How can I prepare for a University conduct meeting?
The Office of Student Life will help a student set a date and time for a conduct meeting that does not conflict with their class schedule. If this accommodation is not possible, Student Life will inform the student s instructors that any related class absences should be excused.
A student preparing for his/her conduct meeting should spend some significant time thinking about how to best present their side of the story. Anticipating which questions may be asked about the incident and preparing answers to these questions can be an effective preparation technique. Students may share relevant personal statements, pictures, receipts or other printed information during their meetings, but they are solely responsible for preparing these documents for review and providing sufficient handout copies of any item(s) they wish to share.
Can I bring an advisor such as a parent or lawyer with me to any of my conduct meetings?
An accused student may have an advisor within the St. Mary’s community or have a non-St. Mary’s advisor accompany him/her to any meeting called by the Dean of Students or judicial adviser to discuss their reported misconduct. The advisor a student selects may accompany him/her to any related student conduct meeting(s), but cannot directly represent a student in any way during these proceedings.
Can I present witnesses as part of my defense?
A student who plans to present witnesses should contact these individuals as soon as possible to let them know about the conduct meeting date and time. Students are only allowed to present witnesses who have firsthand knowledge of the incident under review; character witnesses are not permitted. Students are solely responsible for contacting and scheduling their own witnesses for any judicial presentation.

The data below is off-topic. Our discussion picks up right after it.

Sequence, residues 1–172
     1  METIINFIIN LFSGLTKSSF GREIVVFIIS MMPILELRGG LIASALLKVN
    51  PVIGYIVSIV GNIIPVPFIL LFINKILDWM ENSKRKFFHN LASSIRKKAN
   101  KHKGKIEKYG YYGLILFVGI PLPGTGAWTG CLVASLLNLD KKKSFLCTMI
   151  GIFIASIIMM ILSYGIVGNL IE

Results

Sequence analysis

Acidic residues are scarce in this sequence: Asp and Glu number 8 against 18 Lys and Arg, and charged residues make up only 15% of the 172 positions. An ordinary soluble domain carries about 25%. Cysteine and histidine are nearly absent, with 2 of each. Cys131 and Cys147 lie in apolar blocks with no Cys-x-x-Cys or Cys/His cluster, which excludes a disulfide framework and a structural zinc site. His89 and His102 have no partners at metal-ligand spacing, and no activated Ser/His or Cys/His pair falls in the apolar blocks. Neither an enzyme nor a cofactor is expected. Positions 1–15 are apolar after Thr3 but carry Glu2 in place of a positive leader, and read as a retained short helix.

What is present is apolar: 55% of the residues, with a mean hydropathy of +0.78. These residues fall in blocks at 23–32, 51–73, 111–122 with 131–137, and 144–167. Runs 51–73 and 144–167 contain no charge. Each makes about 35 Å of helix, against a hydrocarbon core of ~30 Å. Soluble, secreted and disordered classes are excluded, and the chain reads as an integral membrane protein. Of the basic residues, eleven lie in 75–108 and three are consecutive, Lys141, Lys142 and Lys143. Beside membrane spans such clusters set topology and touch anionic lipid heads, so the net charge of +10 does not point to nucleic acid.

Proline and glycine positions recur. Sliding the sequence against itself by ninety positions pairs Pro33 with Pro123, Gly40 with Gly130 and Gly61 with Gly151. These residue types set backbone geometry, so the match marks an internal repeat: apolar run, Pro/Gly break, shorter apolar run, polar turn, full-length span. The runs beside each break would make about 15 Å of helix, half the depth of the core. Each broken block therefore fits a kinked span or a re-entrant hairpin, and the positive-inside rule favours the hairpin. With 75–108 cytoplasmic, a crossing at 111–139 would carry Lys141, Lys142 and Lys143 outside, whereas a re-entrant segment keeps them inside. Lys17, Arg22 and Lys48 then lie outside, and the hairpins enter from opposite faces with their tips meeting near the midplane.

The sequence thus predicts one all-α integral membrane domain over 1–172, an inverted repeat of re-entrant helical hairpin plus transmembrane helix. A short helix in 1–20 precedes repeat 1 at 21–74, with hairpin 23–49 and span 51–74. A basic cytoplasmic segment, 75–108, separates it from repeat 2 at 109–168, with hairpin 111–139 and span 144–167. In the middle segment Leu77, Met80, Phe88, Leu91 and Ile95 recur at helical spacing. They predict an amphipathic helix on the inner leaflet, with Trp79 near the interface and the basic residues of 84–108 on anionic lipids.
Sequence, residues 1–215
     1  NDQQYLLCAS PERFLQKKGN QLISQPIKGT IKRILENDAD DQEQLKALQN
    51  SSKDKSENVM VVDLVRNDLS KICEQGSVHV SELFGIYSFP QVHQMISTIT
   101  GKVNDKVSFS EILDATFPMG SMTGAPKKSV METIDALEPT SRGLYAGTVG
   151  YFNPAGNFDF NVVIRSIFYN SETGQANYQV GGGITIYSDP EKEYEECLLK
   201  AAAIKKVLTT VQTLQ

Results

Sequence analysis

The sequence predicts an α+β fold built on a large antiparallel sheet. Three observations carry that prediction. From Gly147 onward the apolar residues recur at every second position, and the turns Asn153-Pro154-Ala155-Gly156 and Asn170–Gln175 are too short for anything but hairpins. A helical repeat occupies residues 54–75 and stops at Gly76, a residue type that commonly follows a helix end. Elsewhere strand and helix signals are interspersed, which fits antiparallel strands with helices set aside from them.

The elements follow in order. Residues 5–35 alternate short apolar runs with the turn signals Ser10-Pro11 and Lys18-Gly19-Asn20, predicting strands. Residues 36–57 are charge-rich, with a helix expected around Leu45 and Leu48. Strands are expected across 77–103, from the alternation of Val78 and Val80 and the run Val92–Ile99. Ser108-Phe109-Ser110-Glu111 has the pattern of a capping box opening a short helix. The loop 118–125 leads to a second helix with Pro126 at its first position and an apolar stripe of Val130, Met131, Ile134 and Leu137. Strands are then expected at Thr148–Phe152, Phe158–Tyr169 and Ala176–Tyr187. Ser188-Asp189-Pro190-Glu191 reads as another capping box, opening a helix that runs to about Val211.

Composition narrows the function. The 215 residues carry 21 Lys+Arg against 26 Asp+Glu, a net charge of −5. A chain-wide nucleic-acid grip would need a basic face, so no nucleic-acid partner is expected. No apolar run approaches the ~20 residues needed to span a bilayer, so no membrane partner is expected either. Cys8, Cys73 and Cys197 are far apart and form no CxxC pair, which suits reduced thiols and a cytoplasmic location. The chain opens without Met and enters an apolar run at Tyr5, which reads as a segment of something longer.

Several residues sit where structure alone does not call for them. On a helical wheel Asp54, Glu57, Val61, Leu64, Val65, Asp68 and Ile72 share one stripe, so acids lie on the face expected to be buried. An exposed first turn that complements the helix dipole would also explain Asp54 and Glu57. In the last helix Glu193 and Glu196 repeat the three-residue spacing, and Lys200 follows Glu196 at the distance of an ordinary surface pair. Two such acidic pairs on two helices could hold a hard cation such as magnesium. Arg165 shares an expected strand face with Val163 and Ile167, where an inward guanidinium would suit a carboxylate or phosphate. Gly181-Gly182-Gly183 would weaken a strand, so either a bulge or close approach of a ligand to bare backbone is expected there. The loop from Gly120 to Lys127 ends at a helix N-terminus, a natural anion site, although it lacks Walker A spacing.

Students are also responsible for ensuring their witnesses are present and on time. Witnesses will be allowed to make their statements at an appropriate time as determined by the judicial adviser, answer questions and then be dismissed from the conduct meeting. Witnesses are not permitted to be present for the full conduct meeting.
Can I be suspended from St. Mary’s University on an interim basis before I have my conduct meeting?
Yes. In certain circumstances, the vice president for Student Development and/or the Dean of Students may impose University or residence hall suspension prior to a student s administrative hearing before a judicial body.
Interim suspension may be imposed only:
- To ensure the safety and well being of members of the St. Mary’s University community or preservation of St. Mary’s University;
- To ensure the student’s own physical or emotional safety and well-being; or
- If the student poses a definite threat of disruption or interference with the normal operations of St. Mary’s University.
During the interim suspension, a student shall be denied access to the residence halls and/or to the campus (including all currently enrolled classes).